Brooklyn DA Creates ‘Street Safety Bureau’ to Bolster Crash Investigation, Draft New Laws
The Brooklyn District Attorney will create a new Street Safety Bureau to beef up the NYPD’s poor investigation and follow-through on traffic violence cases — and work with lawmakers to create new bills to combat vehicular violence, the office will announce this morning.
The goal is to protect cyclists and pedestrians after a particularly deadly year on the streets of Brooklyn, and ahead of a return to more cars on the road alongside more people walking and biking — creating the likelihood for more deadly clashes.
“We must do all we possibly can to battle traffic violence in Brooklyn to decrease the number of cyclists and pedestrians who are killed and maimed by drivers,” said District Attorney Eric Gonzalez. “We need to invest resources and shift our focus regarding these cases — they are often not accidents but preventable tragedies, caused by dangerous, reckless and unlawful driving. Now more than ever, as vehicular traffic in the city is expected to increase in light of the pandemic, protecting all who use our streets is paramount.”
With the creation of the new unit, a prosecutor from the DA’s office will now rush to every fatal scene, 24-7-365. The prosecutor will assist the NYPD’s Collision Investigation Squad — a notoriously understaffed 26-person unit that responds to just 5 percent of the 2,000-3,000 fatal and near-fatal crashes every year — in identifying evidence, speaking to witnesses while their memories are fresh, documenting relevant information, and drafting warrants to collect evidence, according to the DA’s office.
The immediate response to a scene will help prosecutors determine early on whether they have a case if any criminality is suspected, according to Gonzalez. Previously, Brooklyn prosecutors would not go to every scene and would rely heavily on the work of the NYPD at the scene to decide whether to open a criminal investigation. NYPD crash investigations often rely heavily on the testimony of the driver.
The unit will start by sending prosecutors just to the scenes of fatal crashes, but a spokesman said it hopes to expand to respond to crashes where the victim is in critical condition.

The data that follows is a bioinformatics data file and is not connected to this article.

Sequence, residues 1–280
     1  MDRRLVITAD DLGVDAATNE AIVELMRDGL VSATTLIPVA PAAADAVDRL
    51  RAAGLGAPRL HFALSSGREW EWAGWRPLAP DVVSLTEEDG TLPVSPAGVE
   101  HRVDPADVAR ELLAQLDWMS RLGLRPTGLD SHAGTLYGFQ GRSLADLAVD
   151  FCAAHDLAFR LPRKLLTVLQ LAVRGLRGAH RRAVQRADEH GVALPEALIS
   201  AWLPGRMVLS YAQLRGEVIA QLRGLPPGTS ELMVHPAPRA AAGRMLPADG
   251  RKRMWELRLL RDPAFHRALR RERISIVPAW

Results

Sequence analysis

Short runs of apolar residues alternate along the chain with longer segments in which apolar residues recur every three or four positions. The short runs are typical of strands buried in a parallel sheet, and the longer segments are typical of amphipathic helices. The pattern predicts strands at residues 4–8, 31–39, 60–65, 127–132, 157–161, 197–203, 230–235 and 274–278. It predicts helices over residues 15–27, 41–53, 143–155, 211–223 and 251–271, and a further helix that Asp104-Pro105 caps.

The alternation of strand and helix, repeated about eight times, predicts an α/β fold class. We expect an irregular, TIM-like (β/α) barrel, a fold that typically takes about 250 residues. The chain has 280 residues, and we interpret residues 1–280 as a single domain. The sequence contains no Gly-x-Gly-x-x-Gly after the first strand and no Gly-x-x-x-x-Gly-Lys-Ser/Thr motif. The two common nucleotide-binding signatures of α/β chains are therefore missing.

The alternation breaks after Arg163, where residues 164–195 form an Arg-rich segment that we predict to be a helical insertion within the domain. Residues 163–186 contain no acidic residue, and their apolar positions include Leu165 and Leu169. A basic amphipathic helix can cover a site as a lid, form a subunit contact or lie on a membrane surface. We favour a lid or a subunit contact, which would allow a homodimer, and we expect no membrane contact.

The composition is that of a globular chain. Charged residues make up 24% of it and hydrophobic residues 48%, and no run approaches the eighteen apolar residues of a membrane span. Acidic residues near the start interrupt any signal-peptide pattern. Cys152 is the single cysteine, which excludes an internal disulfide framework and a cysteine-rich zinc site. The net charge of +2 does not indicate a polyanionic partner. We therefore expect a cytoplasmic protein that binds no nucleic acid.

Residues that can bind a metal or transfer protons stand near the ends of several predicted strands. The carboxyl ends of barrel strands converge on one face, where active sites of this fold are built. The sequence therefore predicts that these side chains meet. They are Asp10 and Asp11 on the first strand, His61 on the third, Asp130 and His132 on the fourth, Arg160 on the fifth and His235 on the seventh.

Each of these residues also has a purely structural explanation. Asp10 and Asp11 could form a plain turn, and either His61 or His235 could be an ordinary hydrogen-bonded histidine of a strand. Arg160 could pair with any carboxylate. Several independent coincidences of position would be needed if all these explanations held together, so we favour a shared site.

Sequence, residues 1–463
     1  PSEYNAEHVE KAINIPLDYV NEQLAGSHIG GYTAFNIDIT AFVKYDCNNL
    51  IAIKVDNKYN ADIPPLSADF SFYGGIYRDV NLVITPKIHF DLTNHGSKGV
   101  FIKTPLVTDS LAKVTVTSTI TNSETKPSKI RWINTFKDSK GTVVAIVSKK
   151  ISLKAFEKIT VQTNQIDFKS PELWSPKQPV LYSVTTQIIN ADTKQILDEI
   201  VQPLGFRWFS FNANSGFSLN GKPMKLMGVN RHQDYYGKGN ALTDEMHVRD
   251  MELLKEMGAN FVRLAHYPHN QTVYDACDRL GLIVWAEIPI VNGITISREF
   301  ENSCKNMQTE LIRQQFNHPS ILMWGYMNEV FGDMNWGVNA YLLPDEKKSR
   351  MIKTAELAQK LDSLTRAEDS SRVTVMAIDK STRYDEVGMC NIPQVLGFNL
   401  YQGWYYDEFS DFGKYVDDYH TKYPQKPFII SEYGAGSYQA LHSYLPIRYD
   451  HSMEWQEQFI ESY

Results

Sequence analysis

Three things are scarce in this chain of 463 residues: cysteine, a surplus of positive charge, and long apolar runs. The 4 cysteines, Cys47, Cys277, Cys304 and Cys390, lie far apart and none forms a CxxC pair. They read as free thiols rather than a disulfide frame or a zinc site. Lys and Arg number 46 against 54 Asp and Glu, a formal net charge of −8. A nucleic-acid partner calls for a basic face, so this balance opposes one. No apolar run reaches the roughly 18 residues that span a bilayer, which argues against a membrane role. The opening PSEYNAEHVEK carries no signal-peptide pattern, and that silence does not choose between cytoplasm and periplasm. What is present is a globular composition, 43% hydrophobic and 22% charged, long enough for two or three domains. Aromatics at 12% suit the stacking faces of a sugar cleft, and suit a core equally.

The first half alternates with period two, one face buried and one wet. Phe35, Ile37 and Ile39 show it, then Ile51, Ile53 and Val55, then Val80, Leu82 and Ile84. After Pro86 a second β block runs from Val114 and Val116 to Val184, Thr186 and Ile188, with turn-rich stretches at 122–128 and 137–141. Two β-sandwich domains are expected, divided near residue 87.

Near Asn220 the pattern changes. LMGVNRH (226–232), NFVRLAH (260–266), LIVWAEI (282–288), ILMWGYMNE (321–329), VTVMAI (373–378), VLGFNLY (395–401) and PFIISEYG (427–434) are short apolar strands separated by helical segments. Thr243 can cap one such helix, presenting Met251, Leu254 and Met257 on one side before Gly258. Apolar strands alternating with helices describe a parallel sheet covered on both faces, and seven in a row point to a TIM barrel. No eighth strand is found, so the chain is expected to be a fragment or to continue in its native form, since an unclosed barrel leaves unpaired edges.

Last year, amid one of the deadliest since the start of Vision Zero in 2014, 18 cyclists killed out of the 29 cyclists who died citywide were in Brooklyn. And the plurality of dead pedestrians — 34 — was also in Brooklyn. Among the 52 fatalities in Brooklyn, 33 of the drivers remain uncharged — a poor stat that the addition of the new bureau will hopefully change.
“Traffic violence is an epidemic which impacts thousands of New Yorkers every year, so we are pleased to see that Brooklyn District Attorney Eric Gonzalez’s new Bureau will refocus efforts to not only prevent reckless driving, but to also provide a new model of support for crash victims and their loved ones,” said Danny Harris, executive director of Transportation Alternatives.
The new unit will also send, when appropriate, a social worker from the District Attorney’s Victim Services Bureau to the hospital to provide support for victims, like Gonzalez’s office does now for victims of sexual assault and domestic violence — additional support that will go a long way for mourning and in-shock loved ones.
“As victims of traffic violence, we are particularly thankful for the support crash victims will receive, as well as the new efforts to prevent others from suffering as we have,” said Amy Cohen, co-founder of Families for Safe Streets, whose 12-year-old son Sammy Cohen Eckstein was killed by a driver in 2013. No charges were ever filed against the driver by former Brooklyn District Attorney Charles Hynes or his successor, Ken Thompson.
The new Street Safety Bureau will also work with state and city legislators to strengthen bills that help combat vehicular violence, and will host regular meetings with street safety advocates, according to the DA’s office.